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HUD, Landlords and the Violence Against Women Act

by | 0 comments | May 17, 2017 | 3 min read |

HUD’s final rule regarding the implementation of the housing protections authorized in the Violence Against Women Reauthorization Act of 2013 (VAWA) was published in the Federal Register on November 16, 2016. With the goal of providing protected housing for survivors of domestic and dating violence, as well as sexual assault and stalking, HUD requirements for landlords regarding the Violence Against Women’s Act went into effect in January of 2017.

Under the Act, landlords accepting Section 8, or any other government subsidized housing tenants, must now provide all applicants and existing tenants with a copy of the Notice of Occupancy Rights under the Violence Against Women Act.

This document states survivors of domestic abuse cannot be denied assistance as an applicant, nor can they be evicted or have their subsidized housing terminated due to having been a victim of domestic violence, dating violence, sexual assault, stalking, or for being affiliated with a victim of any of the above. Further, survivors and their dependents are to be granted emergency transfers to any available safe unit if remaining in their current abode gives them reason to fear for their lives and/or safety.

Perpetrators of violence have also been known to acquire credit cards in a survivor’s name, and commit other acts with the consequence of ruining their victim’s credit history. They have also inflicted damage upon their victim’s property, causing them to face eviction and/or become saddled with a negative rental history. Still other domestic violence survivors have been forced to participate in criminal activities and/or been arrested in response to policies requiring the arrest of both parties in a domestic disturbance. To counter the effect of these situations, VAWA restricts landlords from denying tenancy or occupancy rights based upon any factors directly resulting from being a survivor of domestic violence.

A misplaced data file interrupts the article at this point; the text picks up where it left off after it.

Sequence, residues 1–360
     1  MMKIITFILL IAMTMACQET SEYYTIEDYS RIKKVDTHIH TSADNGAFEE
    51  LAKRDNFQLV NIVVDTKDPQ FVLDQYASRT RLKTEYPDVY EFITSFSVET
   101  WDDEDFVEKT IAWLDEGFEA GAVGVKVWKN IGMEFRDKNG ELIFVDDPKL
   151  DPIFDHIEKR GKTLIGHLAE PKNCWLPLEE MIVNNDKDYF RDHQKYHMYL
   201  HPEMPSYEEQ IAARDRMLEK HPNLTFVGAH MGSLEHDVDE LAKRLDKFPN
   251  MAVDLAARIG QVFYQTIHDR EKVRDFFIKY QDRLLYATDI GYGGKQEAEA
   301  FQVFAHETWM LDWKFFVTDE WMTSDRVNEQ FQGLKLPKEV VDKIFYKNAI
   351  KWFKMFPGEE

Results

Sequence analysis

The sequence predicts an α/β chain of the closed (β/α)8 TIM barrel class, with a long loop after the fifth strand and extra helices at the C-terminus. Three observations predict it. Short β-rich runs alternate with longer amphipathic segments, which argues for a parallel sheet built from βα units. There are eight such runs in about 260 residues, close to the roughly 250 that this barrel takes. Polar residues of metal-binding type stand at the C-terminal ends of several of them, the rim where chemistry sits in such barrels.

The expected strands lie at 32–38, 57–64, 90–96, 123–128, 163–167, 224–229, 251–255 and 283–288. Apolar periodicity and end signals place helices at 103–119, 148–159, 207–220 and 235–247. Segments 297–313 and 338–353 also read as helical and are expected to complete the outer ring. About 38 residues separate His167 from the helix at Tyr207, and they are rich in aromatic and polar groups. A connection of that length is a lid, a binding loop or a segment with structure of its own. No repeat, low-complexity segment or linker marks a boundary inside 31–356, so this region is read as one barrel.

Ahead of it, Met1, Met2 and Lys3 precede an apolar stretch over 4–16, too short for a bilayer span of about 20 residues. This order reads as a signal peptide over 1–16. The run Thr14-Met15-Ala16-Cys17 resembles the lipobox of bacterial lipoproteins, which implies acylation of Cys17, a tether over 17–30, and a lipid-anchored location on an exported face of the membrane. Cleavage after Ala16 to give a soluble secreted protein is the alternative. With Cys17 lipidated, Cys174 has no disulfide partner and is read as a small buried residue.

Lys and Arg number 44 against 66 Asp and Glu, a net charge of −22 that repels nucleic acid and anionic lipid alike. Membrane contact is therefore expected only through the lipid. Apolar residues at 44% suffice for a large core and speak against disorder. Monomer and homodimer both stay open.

Survivors often need to move to a new home immediately to ensure their safety. In recognition of this, HUD has determined they can self-certify to qualify for protection under VAWA. This eliminates potential delays caused by having to wait for third-party documentation.

To make compliance easier for property owners and their agents, all VAWA-related forms have been made available for download at HUDClips.

These include:

  • VAWA Appendix A: Notice of Occupancy Rights Under the Violence Against Women Act, form HUD-5380
  • VAWA Appendix B: Model Emergency Transfer Plan for Victims of Domestic Violence, Dating Violence, Sexual Assault, or Stalking, form HUD-5381
  • VAWA Appendix C: Certification of Domestic Violence, Dating Violence, Sexual Assault, or Stalking and Alternate Documentation, form HUD-5382
  • VAWA Appendix D: Emergency Transfer Request for Certain Victims of Domestic Violence, Dating Violence, Sexual Assault, or Stalking, form HUD-5383

A more thorough explanation of VAWA, as well as instructions for the employment of documents regarding HUD, landlords and the Violence Against Women’s Act is provided at HUD.gov.

Learn more about how the HUD is changing laws around the Violence Against Women Act by  subscribing to our real estate blog.


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Fred Glick
About the Author
Fred Glick is the VP of Real Estate and Broker of Record at Onerent. As a licensed broker and experienced real estate professional of over 30 years, Fred has contributed to stories on CBS television, Wharton Business radio, NPR’s Marketplace, the New York Times, the Wall Street Journal, and the Philadelphia Inquirer. He is also CEO of US Loan Mortgage Inc., US Spaces Inc., and Arivva Real Estate Brokerage.

This content is designed to convey information only. Any information here is not intended to provide legal advice and should not be taken as such. Consider obtaining legal advice from your attorney about any decision or contemplated course of action.

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